Indiana Court of Appeals
Stephen W. Robertson, Ins. Comm. of the State of Indiana, on behalf of the Indiana Dept. of Ins. v. Ticor Title Ins. Co. of Florida, n/k/a Chicago Title Ins. Co.
Civil plenary. Reverses trial court’s reversal of the administrative order directing Ticor to refund excessive premiums, pay unpaid premium taxes, and establish an internal control process to ensure the appropriate premium is charged to Ticor customers. The Indiana Department of Insurance’s interpretation of the rate statute was reasonable and the administrative hearing officer’s findings of fact are supported by substantial evidence. Remands for proceedings consistent with the opinion.

LBM Realty, LLC, d/b/a Summer Place Apartments v. Hillary Mannia
Civil plenary. Reverses grant of Mannia’s motion to dismiss LBM’s claims of breach of contract and negligence regarding a fire. Because Indiana law does not currently preclude a landlord’s insurer from bringing a subrogation claim against a tenant and because the allegations in LBM’s complaint establish a set of circumstances under which it would be entitled to relief, LBM’s complaint states claims upon which relief could be granted. Remands for further proceedings.

Larry Garmon v. State of Indiana (NFP)
Post conviction. Affirms denial of petition for post-conviction relief.

Toby Hicks v. State of Indiana (NFP)
Criminal. Affirms convictions of murder and Class C felony robbery.

Sandra R. Peters v. Wal-Mart (NFP)
Agency appeal. Affirms denial of claim for workers’ compensation benefits.

Toni L. Woods v. State of Indiana (NFP)
Criminal. Affirms order Woods serve half of her previously suspended sentence following a probation violation.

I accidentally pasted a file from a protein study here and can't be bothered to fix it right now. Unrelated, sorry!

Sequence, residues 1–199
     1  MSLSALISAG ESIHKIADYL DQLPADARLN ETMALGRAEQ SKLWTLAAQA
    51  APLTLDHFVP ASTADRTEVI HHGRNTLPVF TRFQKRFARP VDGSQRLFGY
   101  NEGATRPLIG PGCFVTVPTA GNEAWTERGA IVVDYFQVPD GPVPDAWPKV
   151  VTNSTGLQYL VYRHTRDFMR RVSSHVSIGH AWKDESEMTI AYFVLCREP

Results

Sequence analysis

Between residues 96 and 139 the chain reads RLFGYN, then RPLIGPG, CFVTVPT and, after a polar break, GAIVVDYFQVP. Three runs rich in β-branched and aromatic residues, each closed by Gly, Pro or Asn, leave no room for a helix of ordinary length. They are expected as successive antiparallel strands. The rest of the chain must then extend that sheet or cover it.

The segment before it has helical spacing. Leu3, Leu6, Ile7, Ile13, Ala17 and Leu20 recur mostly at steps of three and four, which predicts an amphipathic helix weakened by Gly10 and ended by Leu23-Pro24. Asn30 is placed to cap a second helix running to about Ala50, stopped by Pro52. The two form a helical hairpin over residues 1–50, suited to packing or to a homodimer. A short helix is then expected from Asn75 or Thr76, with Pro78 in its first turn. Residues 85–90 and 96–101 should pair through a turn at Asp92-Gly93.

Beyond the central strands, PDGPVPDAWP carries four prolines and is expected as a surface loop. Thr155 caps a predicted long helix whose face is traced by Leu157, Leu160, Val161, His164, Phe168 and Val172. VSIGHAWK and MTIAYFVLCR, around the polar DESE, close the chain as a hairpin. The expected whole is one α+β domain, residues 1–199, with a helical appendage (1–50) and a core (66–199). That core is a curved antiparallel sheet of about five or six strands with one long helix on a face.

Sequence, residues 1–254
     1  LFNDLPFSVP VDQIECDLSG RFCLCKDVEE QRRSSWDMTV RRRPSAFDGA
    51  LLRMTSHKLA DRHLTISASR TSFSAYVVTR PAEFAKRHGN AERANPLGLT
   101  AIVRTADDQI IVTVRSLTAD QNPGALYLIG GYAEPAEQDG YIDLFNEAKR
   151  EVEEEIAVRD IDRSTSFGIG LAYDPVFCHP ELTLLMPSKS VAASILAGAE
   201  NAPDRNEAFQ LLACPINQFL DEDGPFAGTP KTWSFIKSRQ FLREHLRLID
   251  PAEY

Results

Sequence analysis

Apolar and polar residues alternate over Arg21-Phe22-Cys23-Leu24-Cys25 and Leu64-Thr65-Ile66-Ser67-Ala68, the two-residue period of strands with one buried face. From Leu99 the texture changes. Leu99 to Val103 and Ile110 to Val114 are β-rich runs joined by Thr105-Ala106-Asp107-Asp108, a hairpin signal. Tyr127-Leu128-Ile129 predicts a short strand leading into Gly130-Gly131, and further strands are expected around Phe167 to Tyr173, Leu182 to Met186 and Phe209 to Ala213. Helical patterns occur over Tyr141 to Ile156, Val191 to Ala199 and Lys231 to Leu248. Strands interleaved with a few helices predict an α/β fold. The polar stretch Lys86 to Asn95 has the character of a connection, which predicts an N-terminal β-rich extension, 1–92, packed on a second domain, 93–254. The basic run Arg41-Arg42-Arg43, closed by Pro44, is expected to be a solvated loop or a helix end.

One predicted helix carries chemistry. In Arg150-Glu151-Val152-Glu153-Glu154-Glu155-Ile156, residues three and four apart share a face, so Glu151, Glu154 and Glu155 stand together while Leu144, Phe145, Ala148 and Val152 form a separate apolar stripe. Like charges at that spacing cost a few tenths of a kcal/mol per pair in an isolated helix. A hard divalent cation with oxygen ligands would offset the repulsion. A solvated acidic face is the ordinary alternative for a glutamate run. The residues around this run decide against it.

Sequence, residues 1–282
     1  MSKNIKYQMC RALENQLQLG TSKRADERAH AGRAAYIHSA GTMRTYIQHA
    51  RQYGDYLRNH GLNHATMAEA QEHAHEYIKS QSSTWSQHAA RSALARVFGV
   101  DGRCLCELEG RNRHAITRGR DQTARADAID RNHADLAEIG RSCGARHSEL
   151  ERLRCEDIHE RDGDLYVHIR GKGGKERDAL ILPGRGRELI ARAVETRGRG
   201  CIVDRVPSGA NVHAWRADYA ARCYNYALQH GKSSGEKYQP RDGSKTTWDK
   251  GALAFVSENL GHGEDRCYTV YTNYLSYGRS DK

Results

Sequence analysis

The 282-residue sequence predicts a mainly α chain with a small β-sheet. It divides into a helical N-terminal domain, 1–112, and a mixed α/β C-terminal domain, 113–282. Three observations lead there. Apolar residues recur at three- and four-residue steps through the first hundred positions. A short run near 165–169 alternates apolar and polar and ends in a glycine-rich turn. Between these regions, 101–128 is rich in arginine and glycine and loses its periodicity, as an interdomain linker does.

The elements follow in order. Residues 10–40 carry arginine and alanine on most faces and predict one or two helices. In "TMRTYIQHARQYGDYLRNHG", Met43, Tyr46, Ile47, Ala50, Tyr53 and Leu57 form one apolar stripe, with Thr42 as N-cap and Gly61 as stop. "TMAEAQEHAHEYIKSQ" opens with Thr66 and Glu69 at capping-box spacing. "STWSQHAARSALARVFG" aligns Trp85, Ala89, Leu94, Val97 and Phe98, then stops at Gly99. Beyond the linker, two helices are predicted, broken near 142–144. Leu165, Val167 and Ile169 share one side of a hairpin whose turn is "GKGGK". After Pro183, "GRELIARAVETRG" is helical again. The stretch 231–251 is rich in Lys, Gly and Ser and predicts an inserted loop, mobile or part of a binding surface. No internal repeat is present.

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  1. I think the cops are doing a great job locking up criminals. The Murder rates in the inner cities are skyrocketing and you think that too any people are being incarcerated. Maybe we need to lock up more of them. We have the ACLU, BLM, NAACP, Civil right Division of the DOJ, the innocent Project etc. We have court system with an appeal process that can go on for years, with attorneys supplied by the government. I'm confused as to how that translates into the idea that the defendants are not being represented properly. Maybe the attorneys need to do more Pro-Bono work

  2. We do not have 10% of our population (which would mean about 32 million) incarcerated. It's closer to 2%.

  3. If a class action suit or other manner of retribution is possible, count me in. I have email and voicemail from the man. He colluded with opposing counsel, I am certain. My case was damaged so severely it nearly lost me everything and I am still paying dearly.